I have yet to see any LCD video monitors that use transflective displays, but it will be very cool when they do.

Hope that helps,

-Phil
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Old October 24th, 2003, 10:55 PM   #7
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The Nebtek looks pretty cool but that just seems like a lot of money considering the resolution. I got a Sony SDMV72W 16:9 monitor several months ago and really like it. It's a 17" 16:9 widescreen HDTV (1280x768) monitor with s-video, component and VGA inputs. Very bright, 500:1 contrast ratio. Unfortunately you need an AC adaptor power brick for it. The adaptor says it puts out 16.5 V 3.03 A, have been meaning to look for alternate power sources. I wonder if one of those flat batteries designed to sit under a laptop might work? I paid around $750 but have seen the black version advertised for $550 at J&R. Also makes a nice computer monitor.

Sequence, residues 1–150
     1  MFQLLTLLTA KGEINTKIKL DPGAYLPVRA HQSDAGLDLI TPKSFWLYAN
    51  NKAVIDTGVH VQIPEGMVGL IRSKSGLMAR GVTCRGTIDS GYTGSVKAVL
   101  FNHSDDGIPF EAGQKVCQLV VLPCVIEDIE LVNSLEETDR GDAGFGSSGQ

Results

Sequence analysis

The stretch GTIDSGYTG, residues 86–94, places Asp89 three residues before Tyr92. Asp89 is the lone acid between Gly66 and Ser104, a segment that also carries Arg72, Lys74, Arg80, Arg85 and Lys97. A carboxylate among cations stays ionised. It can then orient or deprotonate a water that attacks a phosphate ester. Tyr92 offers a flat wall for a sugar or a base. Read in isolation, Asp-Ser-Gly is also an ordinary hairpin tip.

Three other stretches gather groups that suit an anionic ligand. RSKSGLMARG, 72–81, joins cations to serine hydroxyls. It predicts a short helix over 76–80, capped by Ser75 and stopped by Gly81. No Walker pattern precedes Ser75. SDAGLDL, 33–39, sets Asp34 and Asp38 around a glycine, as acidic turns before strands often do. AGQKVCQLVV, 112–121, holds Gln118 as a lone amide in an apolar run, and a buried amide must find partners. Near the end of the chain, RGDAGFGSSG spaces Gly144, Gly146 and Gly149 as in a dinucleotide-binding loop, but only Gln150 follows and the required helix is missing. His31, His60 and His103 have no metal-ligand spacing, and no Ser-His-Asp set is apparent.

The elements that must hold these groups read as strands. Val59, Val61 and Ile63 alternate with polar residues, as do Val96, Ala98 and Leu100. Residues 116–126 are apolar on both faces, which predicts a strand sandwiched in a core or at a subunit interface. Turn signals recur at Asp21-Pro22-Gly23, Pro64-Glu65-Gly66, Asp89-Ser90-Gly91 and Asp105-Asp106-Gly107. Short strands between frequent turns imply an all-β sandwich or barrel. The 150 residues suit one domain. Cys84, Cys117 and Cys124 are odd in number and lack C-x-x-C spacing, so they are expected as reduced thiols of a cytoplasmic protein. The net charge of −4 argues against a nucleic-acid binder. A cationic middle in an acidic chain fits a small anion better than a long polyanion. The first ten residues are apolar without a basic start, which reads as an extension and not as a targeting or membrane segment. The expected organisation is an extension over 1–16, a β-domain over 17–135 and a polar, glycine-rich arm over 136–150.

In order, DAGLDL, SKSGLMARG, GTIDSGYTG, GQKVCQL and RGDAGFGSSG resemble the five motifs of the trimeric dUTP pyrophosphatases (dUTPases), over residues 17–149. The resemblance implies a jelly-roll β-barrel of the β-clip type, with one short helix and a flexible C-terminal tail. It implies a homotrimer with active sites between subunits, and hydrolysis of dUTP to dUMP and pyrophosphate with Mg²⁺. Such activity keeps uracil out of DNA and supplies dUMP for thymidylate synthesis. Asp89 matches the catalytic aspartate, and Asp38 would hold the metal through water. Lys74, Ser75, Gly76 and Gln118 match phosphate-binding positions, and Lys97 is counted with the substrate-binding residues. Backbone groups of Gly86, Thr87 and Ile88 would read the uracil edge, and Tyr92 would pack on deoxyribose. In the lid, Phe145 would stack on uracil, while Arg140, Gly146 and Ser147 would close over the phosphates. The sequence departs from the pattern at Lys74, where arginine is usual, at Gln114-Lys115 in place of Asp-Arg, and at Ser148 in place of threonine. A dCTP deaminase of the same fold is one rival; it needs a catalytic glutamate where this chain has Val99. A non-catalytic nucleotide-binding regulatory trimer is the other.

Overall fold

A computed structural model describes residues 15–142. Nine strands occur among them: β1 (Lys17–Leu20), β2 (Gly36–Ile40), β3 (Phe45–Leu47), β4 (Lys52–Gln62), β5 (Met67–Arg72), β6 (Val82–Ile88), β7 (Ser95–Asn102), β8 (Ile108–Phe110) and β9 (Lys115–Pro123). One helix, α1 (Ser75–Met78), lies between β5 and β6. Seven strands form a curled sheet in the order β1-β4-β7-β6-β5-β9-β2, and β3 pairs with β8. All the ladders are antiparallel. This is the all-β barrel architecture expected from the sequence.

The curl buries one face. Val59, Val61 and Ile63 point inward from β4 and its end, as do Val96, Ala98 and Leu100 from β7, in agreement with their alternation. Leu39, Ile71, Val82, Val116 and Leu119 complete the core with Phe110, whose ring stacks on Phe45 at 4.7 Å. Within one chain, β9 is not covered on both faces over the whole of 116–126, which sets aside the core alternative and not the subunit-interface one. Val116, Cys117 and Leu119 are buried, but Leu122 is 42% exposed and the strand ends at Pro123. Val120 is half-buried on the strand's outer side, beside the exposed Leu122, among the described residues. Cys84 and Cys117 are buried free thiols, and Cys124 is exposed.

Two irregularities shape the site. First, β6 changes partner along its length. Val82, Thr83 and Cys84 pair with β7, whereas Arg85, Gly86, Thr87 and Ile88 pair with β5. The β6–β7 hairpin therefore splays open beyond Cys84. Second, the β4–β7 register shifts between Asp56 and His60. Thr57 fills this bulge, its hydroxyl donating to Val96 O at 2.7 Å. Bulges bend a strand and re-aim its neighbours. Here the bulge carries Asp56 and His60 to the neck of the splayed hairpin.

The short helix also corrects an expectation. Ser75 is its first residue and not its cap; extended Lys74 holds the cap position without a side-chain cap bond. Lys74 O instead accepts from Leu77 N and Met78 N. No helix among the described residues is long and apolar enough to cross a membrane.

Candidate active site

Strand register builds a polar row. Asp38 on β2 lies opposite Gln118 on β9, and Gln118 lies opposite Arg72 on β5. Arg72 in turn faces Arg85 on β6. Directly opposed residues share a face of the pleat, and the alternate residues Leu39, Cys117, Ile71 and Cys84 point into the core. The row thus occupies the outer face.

Now you could also find a used iBook somewhere for well under $1000 and put BTV Pro on it. That would give you a 12" LCD monitor you can connect via firewire to your camera. It shows the full frame and lets you set the aspect ratio to anything you want: 4:3, 16:9, 2.35:1, etc.
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Old October 25th, 2003, 08:31 AM   #8
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>>>>The Nebtek looks pretty cool but that just seems like a lot of money considering the resolution.

- The Nebtek-modified Panasonic TC-7WMS1 (NEB70XL) has significantly more resolution than the smaller 5" Nebteks, which are not made by Panasonic. Once you actually see an image resolved on the NEB70XL in person, you will understand this. $700 is not expensive at all for a battery-powered location field *NTSC* monitor such as the NEB70XL. Especially if you are shooting multiple setups and moving about.